Stephen Slater, EDA product management/integrating manager at Keysight, noted that “multi-physics simulation” suggests everybody is using multiple simulators that all can work within the same environment. “My ‘aha’ moment was realizing it’s not quite as simple as that,” he said. “You have to recognize that there’s true domain expertise – for instance, a mechanical engineer who cares about thermal, versus an electrical engineer who’s maybe very specialized in power amplifier design or some other very specific kind of niche. They have had their entire career using certain tools and are highly productive in those tools. They do not want the needs and requirements of the other engineer to clutter their world. Open, interoperable workflows are needed between tools. Data management is also needed. Let’s say I’m pulling thermal data to use in the electrical engineer’s tool. How do I know I’m pulling the latest data from the latest simulations, or under certain conditions?”

For these reasons, data management tool sets are going to be very important to make this happen. “And then those application specific workflows need to handle these additional domains,” he said. “It’s like saying, ‘Bring the temperature data over, and bring the materials data over so that I can just consume it in my electrical engineer’s tool,’ because they’re not going to be the one who is playing around with different material properties to see if it’s better.”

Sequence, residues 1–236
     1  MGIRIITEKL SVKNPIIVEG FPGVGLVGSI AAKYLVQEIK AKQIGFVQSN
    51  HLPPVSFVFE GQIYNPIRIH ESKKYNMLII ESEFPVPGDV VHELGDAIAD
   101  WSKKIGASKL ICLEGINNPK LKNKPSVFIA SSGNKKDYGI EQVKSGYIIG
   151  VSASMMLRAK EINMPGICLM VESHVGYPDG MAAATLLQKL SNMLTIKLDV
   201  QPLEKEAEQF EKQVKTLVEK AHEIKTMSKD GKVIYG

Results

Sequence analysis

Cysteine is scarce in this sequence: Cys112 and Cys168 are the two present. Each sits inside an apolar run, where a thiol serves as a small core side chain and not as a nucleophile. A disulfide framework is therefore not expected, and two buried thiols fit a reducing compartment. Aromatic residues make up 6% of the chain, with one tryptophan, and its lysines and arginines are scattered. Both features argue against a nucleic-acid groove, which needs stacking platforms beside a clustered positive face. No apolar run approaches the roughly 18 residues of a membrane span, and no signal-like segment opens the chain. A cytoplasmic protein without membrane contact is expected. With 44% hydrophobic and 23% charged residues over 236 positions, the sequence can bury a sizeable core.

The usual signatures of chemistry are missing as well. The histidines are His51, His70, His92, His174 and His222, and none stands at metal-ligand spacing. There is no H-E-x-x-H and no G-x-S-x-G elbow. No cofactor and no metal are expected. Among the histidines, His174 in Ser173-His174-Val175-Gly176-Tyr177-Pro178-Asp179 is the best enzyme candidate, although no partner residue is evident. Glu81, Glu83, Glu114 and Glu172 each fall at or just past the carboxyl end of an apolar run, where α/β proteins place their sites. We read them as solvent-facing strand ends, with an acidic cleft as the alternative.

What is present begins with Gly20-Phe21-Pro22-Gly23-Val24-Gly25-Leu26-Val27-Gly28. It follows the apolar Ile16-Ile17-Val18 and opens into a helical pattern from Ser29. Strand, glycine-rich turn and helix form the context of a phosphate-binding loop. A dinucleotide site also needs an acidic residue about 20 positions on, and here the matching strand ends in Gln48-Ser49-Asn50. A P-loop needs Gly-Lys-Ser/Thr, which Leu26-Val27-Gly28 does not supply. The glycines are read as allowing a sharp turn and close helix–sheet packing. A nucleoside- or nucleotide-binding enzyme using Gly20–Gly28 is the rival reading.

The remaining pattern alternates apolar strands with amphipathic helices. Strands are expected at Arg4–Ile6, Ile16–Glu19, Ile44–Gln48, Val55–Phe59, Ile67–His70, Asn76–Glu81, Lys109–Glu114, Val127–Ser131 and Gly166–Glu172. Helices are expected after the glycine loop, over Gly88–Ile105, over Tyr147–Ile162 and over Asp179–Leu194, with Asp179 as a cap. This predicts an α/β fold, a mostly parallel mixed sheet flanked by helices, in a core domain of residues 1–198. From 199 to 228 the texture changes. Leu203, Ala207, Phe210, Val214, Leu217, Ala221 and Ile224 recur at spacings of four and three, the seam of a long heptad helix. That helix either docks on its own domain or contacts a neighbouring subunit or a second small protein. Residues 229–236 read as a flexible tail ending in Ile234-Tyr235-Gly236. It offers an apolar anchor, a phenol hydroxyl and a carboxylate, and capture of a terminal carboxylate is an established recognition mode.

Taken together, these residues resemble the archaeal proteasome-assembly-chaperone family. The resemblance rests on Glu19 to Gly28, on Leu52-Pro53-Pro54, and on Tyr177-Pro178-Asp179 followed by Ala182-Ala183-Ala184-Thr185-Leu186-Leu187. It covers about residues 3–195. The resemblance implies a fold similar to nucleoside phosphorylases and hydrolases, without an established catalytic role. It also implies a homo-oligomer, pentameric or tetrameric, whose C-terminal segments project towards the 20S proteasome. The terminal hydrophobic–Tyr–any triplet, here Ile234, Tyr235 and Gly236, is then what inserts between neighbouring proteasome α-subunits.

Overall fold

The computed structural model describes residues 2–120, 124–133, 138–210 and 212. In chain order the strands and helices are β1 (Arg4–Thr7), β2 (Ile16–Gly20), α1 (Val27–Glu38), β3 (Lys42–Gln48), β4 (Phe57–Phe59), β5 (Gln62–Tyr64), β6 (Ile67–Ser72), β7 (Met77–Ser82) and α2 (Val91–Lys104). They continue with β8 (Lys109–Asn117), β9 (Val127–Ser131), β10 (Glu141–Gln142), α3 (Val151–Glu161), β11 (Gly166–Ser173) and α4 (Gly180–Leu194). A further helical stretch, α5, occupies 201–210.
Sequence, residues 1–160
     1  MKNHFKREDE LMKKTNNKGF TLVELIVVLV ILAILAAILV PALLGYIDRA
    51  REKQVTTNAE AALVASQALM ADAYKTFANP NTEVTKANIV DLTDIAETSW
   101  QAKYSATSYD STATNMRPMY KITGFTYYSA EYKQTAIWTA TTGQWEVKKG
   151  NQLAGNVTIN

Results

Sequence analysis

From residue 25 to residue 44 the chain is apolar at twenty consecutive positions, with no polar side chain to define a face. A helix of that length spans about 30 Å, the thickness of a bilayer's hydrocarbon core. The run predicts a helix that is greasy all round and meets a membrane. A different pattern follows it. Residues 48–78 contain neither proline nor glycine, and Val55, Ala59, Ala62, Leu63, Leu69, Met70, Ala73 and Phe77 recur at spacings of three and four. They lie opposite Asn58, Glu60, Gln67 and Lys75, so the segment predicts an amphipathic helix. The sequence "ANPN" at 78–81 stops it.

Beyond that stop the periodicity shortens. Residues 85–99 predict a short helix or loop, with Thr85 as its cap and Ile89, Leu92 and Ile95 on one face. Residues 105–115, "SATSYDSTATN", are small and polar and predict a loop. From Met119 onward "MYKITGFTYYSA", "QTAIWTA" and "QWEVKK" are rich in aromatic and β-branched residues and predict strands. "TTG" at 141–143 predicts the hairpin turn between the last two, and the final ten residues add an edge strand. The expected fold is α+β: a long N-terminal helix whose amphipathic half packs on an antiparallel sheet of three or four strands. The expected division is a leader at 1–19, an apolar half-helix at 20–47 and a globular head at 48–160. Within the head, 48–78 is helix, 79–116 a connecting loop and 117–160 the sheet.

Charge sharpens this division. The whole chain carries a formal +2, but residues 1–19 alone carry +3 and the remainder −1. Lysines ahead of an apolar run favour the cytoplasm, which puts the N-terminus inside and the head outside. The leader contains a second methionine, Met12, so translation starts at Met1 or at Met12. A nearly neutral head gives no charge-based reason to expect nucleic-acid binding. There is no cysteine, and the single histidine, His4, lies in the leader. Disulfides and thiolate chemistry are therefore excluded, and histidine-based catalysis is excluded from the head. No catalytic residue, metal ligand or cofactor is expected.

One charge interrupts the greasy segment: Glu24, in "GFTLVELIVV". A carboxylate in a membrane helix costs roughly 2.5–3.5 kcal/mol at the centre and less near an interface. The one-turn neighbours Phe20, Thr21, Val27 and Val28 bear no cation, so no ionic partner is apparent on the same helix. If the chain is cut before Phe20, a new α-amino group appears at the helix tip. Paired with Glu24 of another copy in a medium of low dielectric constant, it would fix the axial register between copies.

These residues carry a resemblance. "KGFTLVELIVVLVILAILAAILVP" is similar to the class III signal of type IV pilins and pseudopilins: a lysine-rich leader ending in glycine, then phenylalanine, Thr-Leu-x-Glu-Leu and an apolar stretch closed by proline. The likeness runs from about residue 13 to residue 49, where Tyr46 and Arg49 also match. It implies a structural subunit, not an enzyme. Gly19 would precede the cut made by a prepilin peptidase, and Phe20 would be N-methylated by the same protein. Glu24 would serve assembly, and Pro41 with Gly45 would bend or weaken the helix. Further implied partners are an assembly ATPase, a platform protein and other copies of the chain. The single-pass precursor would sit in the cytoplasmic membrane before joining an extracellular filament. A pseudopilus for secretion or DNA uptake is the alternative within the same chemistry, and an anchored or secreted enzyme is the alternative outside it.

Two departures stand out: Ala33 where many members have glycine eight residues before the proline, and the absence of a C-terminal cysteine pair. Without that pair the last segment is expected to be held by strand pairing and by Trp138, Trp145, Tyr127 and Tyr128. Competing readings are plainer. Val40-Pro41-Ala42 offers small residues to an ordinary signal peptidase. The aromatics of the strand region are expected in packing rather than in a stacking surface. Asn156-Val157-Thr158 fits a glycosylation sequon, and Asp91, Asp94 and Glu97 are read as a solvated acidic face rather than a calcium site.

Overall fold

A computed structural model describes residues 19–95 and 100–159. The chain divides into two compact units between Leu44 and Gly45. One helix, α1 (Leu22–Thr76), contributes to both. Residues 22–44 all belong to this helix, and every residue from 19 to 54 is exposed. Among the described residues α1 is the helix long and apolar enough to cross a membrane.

As the tools change, so will job responsibilities. “When you look at a chip, and you can’t tell how hot a chip will get, you can calculate how much power the chip is putting out,” said Swinnen. “What temperature that brings it to depends where the device is sitting. Do you have it sitting on a cold plate, or is it sitting in the sun in the Sahara? The same chip and same activity will lead to very different temperatures depending on its surroundings, so you have to determine the boundary conditions for your chip. Where does that come from? That’s the system you’re putting the chip in. There’s the packaging, a heatsink, a fan, and is the fan blowing or not? How much heat does it carry away? All of this has to be factored in, even at RTL, to get some sort of idea of what the temperature is going to be. System concerns come in, and when you get into cooling, you’re even into computational fluid dynamics (CFD). There are, however, shortcuts for these things. For instance, a three-fin heatsink will typically dissipate ‘this much’ heat, but those are sort of rough heuristics. As systems get closer to the edge of what’s possible, you need to analyze all of these things. These are all physics that are crashing in on the chip designer, which the monolithic guys traditionally didn’t have to worry about, or was something minor and downstream.”